As I walked through the halls of High Point Market last week and NeoCon in June, I remembered what a profound effect design can have on our well-being. Our work as designers, architects and contractors can make a huge impact in commercial and residential design. From the type of lighting we choose to the way we situate our structures on a plot of land.
What could be better than creating “Human Spaces: Spaces Designed with the Human in Mind?” Creating spaces for humans should not only be of interest to designers but to people who work, who shop, who live, who go to school in these environments. That’s everybody!
While wellness in the individual is multifactorial, signs point to a distinct link between wellness and design. As we improve the built environment with design elements that include better lighting, more fresh air and the use of materials and products that don’t leach toxic chemicals into the air, it would follow that health and well-being of the occupants should improve.
Yes, it’s ideal to have a space designated as a Meditation Room. But it has to make economic sense for your company. If you don’t have the funds to redesign a room or you simply don’t have the square feet to renovate, then start a trend in your company. Send this note to your team:
I am so proud of all of you and grateful that you’re on my team. I don’t say this enough and want you to know. Also, I’ve been thinking about how hard you work and how much is expected of you…both from me and from others. We all need to take better care of ourselves, and I’m starting now. I want you to do the same. I’m going to take 15 minutes every day to sit quietly in the office or outside and just breathe. I want you to do the same. Call it meditation, call it breathing, call it whatever you like, but please do this each day you come to work. I value all of you both as my team and as humans. I’ll be checking in on your progress. Happy breathing!
What better way to rejuvenate than to slip into a quiet retreat in fresh air. As the intense connection between human and nature (biophilia) gains momentum, designers are emphasizing the need to bring in more plants, daylight and open air to the workplace. Likewise, as employers now understand the importance of mindfulness and meditation for their most important asset, the employee, companies are adopting meditation as part of a complete wellness plan. Combine the two…nature and meditation….and we have an explosive combo. Retreat. Relax. Revive.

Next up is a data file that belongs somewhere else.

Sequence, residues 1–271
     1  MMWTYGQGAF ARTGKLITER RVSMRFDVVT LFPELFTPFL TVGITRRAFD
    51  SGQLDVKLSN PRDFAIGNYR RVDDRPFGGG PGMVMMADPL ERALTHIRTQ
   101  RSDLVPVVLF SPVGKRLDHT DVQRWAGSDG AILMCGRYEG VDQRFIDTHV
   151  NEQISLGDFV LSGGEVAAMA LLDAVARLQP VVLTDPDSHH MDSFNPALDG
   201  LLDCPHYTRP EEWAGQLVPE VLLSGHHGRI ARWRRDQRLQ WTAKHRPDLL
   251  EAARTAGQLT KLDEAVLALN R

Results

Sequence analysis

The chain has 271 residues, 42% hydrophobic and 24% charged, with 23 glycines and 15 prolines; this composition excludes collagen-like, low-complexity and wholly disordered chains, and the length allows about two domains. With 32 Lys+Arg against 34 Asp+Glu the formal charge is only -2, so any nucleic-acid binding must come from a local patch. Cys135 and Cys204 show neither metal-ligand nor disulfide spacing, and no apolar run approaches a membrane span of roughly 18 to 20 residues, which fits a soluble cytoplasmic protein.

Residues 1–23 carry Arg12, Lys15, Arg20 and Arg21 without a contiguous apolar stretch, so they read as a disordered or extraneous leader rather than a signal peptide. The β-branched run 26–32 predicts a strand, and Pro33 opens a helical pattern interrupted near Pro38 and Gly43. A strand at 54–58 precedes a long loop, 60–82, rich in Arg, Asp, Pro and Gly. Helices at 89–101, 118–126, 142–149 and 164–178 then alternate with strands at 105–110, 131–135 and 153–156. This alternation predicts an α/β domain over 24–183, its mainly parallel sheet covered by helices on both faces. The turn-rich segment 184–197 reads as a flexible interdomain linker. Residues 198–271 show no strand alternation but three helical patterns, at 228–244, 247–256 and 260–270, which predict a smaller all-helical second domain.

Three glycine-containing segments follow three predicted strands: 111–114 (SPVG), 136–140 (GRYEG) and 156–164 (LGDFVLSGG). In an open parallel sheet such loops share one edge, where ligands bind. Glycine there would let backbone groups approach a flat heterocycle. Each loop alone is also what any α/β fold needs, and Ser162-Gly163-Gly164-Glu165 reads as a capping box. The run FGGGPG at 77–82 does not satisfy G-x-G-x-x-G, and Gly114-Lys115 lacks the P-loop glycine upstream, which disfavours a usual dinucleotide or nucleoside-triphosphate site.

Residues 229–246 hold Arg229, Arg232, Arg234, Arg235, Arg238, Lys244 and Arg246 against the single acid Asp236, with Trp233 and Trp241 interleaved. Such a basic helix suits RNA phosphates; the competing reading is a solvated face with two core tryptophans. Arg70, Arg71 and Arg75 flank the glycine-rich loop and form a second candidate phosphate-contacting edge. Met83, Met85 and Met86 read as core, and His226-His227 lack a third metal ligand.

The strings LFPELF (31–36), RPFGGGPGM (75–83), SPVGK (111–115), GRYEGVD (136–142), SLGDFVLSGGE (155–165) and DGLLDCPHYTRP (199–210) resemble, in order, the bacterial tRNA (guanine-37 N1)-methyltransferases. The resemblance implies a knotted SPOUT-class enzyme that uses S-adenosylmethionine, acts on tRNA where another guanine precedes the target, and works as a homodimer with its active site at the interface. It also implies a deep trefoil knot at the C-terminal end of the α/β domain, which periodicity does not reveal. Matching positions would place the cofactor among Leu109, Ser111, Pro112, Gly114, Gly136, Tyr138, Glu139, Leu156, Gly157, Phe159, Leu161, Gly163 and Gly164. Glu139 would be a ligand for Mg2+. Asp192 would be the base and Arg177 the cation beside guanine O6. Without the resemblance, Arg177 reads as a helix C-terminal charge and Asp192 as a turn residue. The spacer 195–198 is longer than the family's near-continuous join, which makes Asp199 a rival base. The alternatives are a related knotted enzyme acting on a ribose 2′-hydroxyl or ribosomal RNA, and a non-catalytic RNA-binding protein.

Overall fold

In October of 2014, Melinda Easterling attended the WELL 2014 Conference, the “first annual symposium for design, construction, and real estate professionals who want to lead the market and build a movement for wellness real estate – a pioneering concept that marries design and construction with evidence-based technologies to support personal well being and health.”
Part of participating in a conference of this kind is entering on the ground floor of an idea that has found not only its audience but its time. Melinda was showcased in this video along with other leaders who see the value in sharing ideas and talking with like-minded business owners, healthcare experts, builders and visionaries who understand the importance of wellness at work and at home.
Flick off the overhead lights. Light a candle. Turn on a lamp or two and sit. It’s 7pm in November and dark outside (at least in the Northern Hemisphere). It’s dim and cozy inside and your body and mind relax. Fast forward to 2pm tomorrow. Bright sunlight outdoors; bright inside. You’re energized and ready for action. Close the shades, turn off the lights, light a candle or two. Hmm, doesn’t feel right. Why? Our bodies are programmed to ebb and flow based primarily on our circadian rhythms (how our body acts and reacts based on external cues).
Our bodies want to synchronize with our environment. As the sun rises, our bodies rev up, and as it sets, we do the same. Or so the theory goes.